Background

What’s with all these different kinds of batteries?

A battery is simply a storage unit for electrical energy. Batteries are usually named for one or two of the materials within the battery that store the energy. So, an alkaline battery is so named because it contains an alkaline electrolyte, usually potassium hydroxide.

The only major differences between batteries are their size and the materials used inside of them. The same applies for the difference between rechargeable and disposable batteries. Rechargeable batteries contain materials that can be rehcarged if electricity is pumped into the battery while disposable batteries contain materials that cannot be recharged. The most common disposable batteries are the alkaline battery and the lithium battery. The most common rechargeable batteries are lithium ion, nickel-cadmium, nickel metal hydride, nickel-zinc, and small sealed lead batteries. Batteries for devices like cell phones, iPods, and laptops are usually rechargeable while disposable batteries are the AA, AAA, D, etc. batteries that we use in many different appliances.


Related Information

How do I recycle my batteries?

Free alkaline battery recycling opportunities are not easy to find. Cost effective, environmentally safe recycling processors are not yet universally available. Since the mercury content of alkaline batteries has been reduced, they can be safely disposed of in household garbage. They are accepted via IKEA and some hardware and home improvement stores in small quantities. Large quantities can be recycled at Metal Conversion Technologies in Cartersville, GA (678) 721-0022 or at Davis Recycling in Atlanta (404) 524-1746. Waste Management has begun a new program called Think Green From Home. This program allows consumers to ship old disposable batteries to WM for recycling for a small fee. Go to https://www.thinkgreenfromhome.com to find out more.

Rechargeable batteries that can be readily recycled include nickel cadmium, nickel metal hydride, and lithium ion-like those found in phones, camcorders, power tools and laptops. For information about recycling rechargeables, call 1-800-822-8837 or visit www.call2recycle.org (Call2Recycle, Inc.). Participating locations include RadioShack, Home Depot, AT&T Mobility, Wal-Mart and Ace Hardware, plus many local community drop-off sites.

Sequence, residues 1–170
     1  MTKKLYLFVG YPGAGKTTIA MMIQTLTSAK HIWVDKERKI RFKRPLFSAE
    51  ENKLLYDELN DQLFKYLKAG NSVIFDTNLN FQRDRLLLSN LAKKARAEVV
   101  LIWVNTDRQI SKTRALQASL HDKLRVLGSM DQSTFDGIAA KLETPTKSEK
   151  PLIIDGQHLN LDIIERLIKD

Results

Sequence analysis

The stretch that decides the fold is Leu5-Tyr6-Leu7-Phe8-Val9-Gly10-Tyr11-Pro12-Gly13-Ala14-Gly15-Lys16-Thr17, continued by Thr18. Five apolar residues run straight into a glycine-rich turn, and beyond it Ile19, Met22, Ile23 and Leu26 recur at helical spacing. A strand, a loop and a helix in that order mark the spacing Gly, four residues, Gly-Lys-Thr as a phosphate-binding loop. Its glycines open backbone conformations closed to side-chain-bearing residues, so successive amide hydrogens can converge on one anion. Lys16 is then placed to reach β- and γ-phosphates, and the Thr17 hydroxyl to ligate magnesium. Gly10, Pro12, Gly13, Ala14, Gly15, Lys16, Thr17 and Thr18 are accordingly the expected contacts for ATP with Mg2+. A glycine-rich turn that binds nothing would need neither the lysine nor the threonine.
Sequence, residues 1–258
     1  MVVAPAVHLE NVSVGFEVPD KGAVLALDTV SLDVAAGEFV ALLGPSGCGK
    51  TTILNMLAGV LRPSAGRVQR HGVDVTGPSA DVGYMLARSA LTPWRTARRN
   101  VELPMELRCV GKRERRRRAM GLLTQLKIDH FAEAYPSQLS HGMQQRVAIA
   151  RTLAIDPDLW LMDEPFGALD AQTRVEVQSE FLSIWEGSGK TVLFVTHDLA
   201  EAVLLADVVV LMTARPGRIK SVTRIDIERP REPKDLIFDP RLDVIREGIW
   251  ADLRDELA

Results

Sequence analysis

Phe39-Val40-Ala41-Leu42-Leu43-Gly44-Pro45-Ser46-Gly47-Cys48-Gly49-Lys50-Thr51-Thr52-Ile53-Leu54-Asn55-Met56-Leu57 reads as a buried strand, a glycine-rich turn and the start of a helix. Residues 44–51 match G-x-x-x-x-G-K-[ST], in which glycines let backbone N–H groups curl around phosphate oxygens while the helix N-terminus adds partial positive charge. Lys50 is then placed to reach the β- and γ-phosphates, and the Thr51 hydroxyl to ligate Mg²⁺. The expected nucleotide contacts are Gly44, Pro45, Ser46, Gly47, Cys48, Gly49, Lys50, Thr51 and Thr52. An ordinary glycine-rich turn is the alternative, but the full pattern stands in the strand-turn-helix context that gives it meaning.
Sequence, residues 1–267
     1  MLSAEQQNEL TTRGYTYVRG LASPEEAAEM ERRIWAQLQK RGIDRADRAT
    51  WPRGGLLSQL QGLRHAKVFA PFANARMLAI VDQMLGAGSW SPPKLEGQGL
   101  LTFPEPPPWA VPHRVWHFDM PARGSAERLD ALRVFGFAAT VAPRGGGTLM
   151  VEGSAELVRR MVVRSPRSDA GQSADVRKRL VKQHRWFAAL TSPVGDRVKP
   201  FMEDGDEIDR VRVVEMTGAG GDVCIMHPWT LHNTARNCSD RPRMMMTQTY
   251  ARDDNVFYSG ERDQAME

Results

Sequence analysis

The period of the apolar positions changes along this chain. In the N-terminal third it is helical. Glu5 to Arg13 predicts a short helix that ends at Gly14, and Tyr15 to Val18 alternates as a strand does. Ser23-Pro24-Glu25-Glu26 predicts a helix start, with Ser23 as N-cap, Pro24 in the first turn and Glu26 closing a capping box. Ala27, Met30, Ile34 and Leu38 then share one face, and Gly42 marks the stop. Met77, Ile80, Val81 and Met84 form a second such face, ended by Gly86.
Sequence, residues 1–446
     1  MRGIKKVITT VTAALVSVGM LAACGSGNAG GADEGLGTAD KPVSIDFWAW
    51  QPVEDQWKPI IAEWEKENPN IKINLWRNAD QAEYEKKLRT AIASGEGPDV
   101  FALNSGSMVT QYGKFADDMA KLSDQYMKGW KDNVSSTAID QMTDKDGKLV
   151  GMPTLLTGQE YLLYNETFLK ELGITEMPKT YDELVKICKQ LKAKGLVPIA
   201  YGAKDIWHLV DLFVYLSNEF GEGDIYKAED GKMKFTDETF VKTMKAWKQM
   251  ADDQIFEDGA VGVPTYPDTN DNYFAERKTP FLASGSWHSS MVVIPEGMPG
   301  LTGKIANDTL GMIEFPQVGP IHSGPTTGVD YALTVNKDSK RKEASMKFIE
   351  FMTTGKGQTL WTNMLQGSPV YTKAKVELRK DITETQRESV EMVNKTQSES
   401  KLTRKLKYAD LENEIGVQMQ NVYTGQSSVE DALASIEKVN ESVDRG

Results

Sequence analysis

What about automobile batteries?

Automobile batteries, also known as lead acid batteries are prohibited from disposal in Georgia landfills. They must be recycled under Georgia law. Check with your local auto dealer, battery retail location, or other retail outlet about recycling these batteries. When you purchase a new auto battery, the dealer or retail outlet should accept your old one for recycling.


Recycling Resources
  • http://www.call2recycle.org/ – Call2Recycle provides extensive resources to find a local location to take rechargeable batteries for free.
  • https://www.thinkgreenfromhome.com/ThinkGreenFromHome.cfm – Waste Management offers a cheap service through their new Think Green From Home program to recycle disposable batteries as well as compact fluorescent lights. For a small fee WM will mail you a package with prepaid postage for your batteries that you can then mail back to them for recycling.
  • Earth911.org – Earth 911 provides a searchable database for many recyclables, including batteries. Search by material and by zip code to narrow results to centers that take batteries in your area.
  • http://www.batteryrecycling.com/ – Battery Solutions offers numerous programs that tailor to corporate, government, and residential battery recycling needs from mail-order programs to bulk recycling programs.
  • http://veoliaes-ts.com/recyclepak – Veolia Environmental Services offers a mail order 3.5 gallon RecyclePak for household disposable batteries.
  • http://www.metalconversion.com – Metal Conversion Technologies has over 50 years of battery manufacturing, recycling and process application experience, in addition to process engineering and material handling knowledge.